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JW Anderson Demands Surrender

The dialogue between restraint and excess is a major Anderson signature. It was all here, plain as the frosting on a cake.
JW Anderson Autumn/ Winter 2020 | Source: INDIGITAL.TV
By
  • Tim Blanks

LONDON, United Kingdom — Did Jonathan Anderson really utter the words "antique celluloid" when he was describing the gorgeous frosting that was such a feature of his new collection? If it was just my imagination running away with me, I'm happy to go there. The micro-shreds of celluloid that dressed the sleeves and shoulders of Anderson's coats and dresses created a diffuse, glittery, fantastical effect, the kind of outlandish, surreal flourish that makes his clothes so unique. That wasn't all. He himself was partial to a triptych of looks that came towards the end of the show: ruffled collar, maxi-ruffled pants paired, first, with a black leather vest exploding into godets, next, with a tunic of golden dragon's scales, finally, with an asymmetric top of ruffled ice-pink leather. Made no sense whatsoever. Looked fabulous.

Anderson demands surrender. No questions asked. Kaia Gerber walked in a teeter-totter black coat, huge shoulders, extended leg'o'mutton sleeves, narrowing through the torso, anchored by fuzzy leopard slippers. The model who followed her wore a outsize tweed coat with a massive leather portrait collar.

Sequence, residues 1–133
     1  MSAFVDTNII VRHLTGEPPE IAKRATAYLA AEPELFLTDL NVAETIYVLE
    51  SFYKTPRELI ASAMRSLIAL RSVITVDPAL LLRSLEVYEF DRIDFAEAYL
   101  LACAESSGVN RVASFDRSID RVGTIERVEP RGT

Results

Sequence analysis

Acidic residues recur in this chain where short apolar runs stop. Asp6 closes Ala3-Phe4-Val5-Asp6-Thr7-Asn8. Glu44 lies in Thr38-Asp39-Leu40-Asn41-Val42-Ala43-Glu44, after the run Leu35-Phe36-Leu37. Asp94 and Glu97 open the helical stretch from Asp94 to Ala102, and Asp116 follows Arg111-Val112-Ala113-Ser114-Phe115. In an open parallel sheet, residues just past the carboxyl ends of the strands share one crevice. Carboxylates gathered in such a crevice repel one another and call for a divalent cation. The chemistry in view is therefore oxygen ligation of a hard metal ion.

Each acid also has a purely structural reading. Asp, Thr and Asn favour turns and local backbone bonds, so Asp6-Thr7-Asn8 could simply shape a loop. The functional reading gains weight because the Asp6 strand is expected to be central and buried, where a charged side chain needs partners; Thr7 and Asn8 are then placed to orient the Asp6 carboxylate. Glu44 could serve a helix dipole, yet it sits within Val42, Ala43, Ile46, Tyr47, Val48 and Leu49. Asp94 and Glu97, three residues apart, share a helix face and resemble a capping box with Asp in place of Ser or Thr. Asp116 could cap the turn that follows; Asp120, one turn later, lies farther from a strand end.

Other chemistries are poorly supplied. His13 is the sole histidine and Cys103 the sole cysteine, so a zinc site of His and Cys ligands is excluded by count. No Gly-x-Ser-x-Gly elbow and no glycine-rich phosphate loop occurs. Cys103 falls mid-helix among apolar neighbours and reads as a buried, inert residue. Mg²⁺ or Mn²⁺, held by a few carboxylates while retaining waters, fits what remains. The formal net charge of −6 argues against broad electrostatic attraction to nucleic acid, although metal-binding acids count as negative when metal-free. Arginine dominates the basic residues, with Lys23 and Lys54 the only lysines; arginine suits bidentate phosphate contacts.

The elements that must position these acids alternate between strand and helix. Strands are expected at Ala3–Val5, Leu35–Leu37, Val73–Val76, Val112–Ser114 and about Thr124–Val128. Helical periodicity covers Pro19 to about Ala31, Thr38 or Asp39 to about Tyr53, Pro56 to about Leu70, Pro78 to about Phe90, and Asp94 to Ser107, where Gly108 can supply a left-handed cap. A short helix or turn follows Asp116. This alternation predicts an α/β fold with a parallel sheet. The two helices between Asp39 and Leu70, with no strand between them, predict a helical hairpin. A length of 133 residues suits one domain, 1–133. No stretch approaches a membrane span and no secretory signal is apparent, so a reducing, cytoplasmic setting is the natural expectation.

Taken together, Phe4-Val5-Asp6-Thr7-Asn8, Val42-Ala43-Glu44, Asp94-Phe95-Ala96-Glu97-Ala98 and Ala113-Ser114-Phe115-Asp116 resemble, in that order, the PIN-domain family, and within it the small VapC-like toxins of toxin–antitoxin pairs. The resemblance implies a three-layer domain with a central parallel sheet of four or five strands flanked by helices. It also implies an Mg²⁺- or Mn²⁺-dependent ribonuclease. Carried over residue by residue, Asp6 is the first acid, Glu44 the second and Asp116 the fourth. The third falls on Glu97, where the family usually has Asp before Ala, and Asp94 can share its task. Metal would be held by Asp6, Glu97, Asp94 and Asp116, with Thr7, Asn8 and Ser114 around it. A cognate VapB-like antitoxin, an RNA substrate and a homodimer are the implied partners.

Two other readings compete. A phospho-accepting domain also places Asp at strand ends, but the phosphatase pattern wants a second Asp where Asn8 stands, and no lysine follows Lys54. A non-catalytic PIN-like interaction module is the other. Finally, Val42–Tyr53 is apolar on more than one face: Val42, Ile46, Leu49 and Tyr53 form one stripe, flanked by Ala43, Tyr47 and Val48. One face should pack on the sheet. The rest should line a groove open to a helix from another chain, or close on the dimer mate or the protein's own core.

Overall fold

As usual, exaggeration was his friend. Anderson said he imagined how models have to walk into a space filled with strangers, “snaking through a forest of people”, claiming that space. The same notion could apply to any of us in an inhospitable world. Fashion’s favourite lipservice may well be this, “You wear the look, the look doesn’t wear you”, but there was sheer joy in Anderson’s experiments in form and land. Yes, that look will wear you into a future peopled with strangers, frosted with glittering antique celluloid.

Anderson has always been a playful designer. There have been times when his clothes looked like toys, like the draped gold cloth situation here that seemed to celebrate the brewsky. He said it stemmed from his obsession with the old Guinness ad that featured white horses coursing through foaming surf. The typography and the colours of a Guinness can appealed to him, he imagined the way it looked when it was crushed. Yes, Anderson said that. And then he made a surreally luxe fashion statement from it.

Equally, he created gorgeously subdued sweater dresses, shoulders draped in a contrast knit capelet, or a long knit column with a ruffled hem. Or a starkly elegant tuxedo, lapels extended to create the exaggerated portrait collar effect seen elsewhere. The dialogue between restraint and excess is a major Anderson signature. It feels like an appeal to the most fundamental appetite for fashion. If you find yourself seduced by such notion, this designer will amply reward your loyalty. It was all here, plain as the frosting on a cake.

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